Note: An updated version of this analysis is here.
COVID-19 was the third leading cause of death across all of 2020, but in December 2020 and early 2021, the illness surged and briefly became the number one leading cause of death in the U.S., far surpassing even cancer and heart disease deaths in those months.
With the rapid uptake in vaccinations in recent months, COVID-19 deaths have fallen sharply. As of June 30, 2021, about 66% of adults in the U.S. have received at least one COVID-19 vaccine dose. However, as we approach the Fourth of July, it appears likely the Biden Administration will fall short of its target to vaccinate 70% of adults with at least one dose, with vaccination rates particularly lagging for younger adults and people living in certain states.
COVID-19 is currently the 7th leading cause of death in the U.S. in June 2021
Though no longer the number one leading cause of death, COVID-19 remains in the top ten leading causes of death, even in June 2021. Looking at the most recent data on deaths from COVID-19 and other causes, we estimate that COVID-19 is currently the number 7 leading cause of death in the U.S. COVID-19 deaths in the chart above represent the average daily deaths in June 2021. Deaths from other causes represent the weighted daily mortality rate averaged over MMWR (Morbidity and Mortality Weekly Report) weeks 1-16 during this year.
In June 2021, an average of more than 300 people per day continue to die of COVID-19 in the U.S., even as vaccines are readily available to most of the population. Nearly all COVID-19 deaths in the U.S. have been among unvaccinated people.
The number of daily deaths from COVID-19 has decreased remarkably from the once staggering 3,136 deaths per day just a few months ago in January 2021. Heart disease, which is typically the number one cause of death in the U.S. each year, leads to the death of about 2,000 Americans per day, and cancer claims about 1,600 American lives per day. The cumulative count of deaths attributed to COVID-19 in the U.S. is 604,656 from the start of the pandemic through June 30, 2021.
Not long ago, COVID-19 was the number one cause of death in the U.S.
The chart above combines data on COVID-19 mortality rates from KFF’s tracker with data from the Centers for Disease Control and Prevention (CDC) on weekly counts of death by jurisdiction and cause of death. Deaths from COVID-19 and other causes in the chart above are the average daily deaths in each month of 2020 and 2021. During most of 2020, COVID-19 was one of the top three leading causes of death. As vaccinations have increased, deaths from COVID-19 have decreased since the peak in January 2021.
In a recent KFF poll, half of unvaccinated adults said the number of cases is so low that there is no need for more people to get the shot. If vaccination rates plateau, the U.S. could continue to see COVID-19 among the top ten leading causes of death, despite the availability of safe and highly effective vaccines.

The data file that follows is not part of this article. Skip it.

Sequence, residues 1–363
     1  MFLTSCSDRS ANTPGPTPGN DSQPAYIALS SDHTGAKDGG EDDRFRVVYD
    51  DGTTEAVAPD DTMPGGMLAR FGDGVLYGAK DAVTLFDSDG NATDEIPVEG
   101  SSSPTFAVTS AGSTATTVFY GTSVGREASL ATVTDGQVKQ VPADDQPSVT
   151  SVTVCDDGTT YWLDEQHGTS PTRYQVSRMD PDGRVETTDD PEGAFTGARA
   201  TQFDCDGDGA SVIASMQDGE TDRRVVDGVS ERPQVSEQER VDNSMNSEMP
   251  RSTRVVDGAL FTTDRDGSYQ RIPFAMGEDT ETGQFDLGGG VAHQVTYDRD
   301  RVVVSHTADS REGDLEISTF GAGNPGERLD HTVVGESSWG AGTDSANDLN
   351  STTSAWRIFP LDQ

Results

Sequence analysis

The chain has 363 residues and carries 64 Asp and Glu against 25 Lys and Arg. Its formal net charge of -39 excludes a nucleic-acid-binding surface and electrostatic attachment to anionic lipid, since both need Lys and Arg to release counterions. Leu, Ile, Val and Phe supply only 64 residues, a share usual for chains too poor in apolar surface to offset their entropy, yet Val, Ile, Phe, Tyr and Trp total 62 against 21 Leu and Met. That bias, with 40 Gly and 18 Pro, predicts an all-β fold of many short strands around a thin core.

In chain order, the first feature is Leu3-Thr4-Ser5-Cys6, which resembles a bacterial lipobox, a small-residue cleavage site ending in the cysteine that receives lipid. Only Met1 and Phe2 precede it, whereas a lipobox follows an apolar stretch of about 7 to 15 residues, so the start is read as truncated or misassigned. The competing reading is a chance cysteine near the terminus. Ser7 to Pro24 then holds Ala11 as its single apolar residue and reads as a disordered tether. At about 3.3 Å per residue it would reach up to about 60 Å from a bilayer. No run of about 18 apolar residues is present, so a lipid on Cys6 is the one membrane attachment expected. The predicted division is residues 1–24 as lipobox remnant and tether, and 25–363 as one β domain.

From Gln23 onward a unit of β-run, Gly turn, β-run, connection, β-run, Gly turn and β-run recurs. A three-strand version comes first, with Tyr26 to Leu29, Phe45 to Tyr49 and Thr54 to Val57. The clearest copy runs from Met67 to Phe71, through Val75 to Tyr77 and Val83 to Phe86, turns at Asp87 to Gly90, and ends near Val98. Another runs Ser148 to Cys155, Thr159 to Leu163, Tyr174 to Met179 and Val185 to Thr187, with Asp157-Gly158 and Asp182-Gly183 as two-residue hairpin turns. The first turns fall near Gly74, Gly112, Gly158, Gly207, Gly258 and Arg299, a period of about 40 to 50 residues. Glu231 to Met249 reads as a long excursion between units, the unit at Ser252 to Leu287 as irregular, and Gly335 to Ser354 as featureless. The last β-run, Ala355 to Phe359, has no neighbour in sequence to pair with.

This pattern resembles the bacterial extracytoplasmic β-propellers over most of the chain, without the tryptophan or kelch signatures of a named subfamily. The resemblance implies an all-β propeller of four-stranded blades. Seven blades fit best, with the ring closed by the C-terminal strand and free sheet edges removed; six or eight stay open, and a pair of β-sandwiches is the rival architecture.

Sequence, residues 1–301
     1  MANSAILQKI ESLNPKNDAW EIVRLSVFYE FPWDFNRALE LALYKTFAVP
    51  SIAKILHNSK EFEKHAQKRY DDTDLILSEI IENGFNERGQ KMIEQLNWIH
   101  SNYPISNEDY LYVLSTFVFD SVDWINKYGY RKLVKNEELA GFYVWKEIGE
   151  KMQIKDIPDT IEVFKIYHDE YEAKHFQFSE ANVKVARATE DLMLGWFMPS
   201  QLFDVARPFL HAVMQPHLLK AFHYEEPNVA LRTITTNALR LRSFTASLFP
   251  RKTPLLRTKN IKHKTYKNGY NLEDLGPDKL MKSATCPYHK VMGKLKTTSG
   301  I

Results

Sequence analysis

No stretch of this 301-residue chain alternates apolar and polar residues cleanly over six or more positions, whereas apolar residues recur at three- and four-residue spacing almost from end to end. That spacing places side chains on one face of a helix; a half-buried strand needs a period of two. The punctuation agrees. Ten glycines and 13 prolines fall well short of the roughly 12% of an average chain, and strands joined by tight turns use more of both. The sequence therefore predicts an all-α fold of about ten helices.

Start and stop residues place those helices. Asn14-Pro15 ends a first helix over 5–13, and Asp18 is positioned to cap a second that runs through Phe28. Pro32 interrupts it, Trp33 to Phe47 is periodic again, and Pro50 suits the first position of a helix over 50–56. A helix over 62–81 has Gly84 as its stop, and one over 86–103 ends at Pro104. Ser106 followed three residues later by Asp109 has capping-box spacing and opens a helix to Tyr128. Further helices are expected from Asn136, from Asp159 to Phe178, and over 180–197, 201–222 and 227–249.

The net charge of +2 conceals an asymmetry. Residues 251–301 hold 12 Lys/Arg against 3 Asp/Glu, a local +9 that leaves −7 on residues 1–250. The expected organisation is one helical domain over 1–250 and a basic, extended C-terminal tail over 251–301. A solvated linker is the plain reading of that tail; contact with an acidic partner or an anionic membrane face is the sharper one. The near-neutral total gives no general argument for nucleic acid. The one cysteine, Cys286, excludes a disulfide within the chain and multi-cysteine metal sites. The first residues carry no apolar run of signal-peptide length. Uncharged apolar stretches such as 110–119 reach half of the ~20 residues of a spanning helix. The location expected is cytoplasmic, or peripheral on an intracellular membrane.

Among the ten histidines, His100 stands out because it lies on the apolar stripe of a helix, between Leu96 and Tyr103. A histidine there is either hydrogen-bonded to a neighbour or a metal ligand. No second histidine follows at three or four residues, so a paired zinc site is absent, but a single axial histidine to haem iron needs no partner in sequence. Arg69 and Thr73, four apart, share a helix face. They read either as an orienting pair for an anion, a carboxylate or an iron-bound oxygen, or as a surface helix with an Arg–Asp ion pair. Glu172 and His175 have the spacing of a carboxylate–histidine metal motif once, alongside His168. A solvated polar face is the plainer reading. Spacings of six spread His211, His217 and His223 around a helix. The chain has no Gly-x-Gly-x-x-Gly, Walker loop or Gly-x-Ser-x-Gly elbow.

We used the KFF COVID-19 Tracker data for average daily deaths from COVID-19 in the United States. June 2021 average deaths from COVID-19 are averaged through June 28, 2021. We used CDC data for deaths due to other leading causes. This CDC dataset does not include deaths due to accidents (which, before the pandemic, were typically the third leading cause of death, after heart disease and cancer), nor does it include suicides (which were typically the tenth leading cause of death before the pandemic). To avoid double-counting, the CDC dataset excludes deaths confirmed to have an underlying cause of COVID-19. For the first chart, only 2021 MMWR weeks 1-16 are included in average daily deaths. For the monthly chart, we calculated the daily average deaths for other causes for each MMWR week ending within the month. December 2020 average daily deaths for other causes includes MMWR week 53.
The CDC data on other leading causes combines Alzheimer disease and dementia deaths. However, in the United States, Alzheimer disease alone is considered a “rankable” cause in determining leading causes of death. We calculated the percentage of deaths from Alzheimer disease alone as a share of Alzheimer and dementia disease deaths using 2019 CDC Wonder data. We then applied this percentage to Alzheimer and dementia death counts available in the CDC data for 2020 and 2021 to estimate deaths from Alzheimer disease alone.
Death counts due to accidents are not available for 2020 or 2021, and therefore, accident deaths are based on daily average deaths in 2019. Heart disease deaths were combined for all circulatory disease except stroke. Respiratory disease represents chronic lower respiratory disease.
The Peterson Center on Healthcare and KFF are partnering to monitor how well the U.S. healthcare system is performing in terms of quality and cost.